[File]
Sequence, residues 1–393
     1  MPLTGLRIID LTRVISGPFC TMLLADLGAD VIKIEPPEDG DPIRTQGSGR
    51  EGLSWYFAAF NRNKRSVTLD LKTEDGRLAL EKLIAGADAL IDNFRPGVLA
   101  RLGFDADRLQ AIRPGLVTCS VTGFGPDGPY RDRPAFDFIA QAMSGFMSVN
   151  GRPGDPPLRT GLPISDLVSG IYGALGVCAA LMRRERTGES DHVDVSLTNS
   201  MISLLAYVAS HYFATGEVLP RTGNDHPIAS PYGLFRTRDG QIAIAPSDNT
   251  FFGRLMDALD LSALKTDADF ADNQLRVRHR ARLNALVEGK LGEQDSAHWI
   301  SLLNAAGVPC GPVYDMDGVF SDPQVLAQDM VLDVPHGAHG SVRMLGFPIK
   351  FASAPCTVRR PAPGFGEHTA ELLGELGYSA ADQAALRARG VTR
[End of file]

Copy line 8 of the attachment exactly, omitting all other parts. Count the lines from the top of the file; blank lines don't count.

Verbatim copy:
   301  SLLNAAGVPC GPVYDMDGVF SDPQVLAQDM VLDVPHGAHG SVRMLGFPIK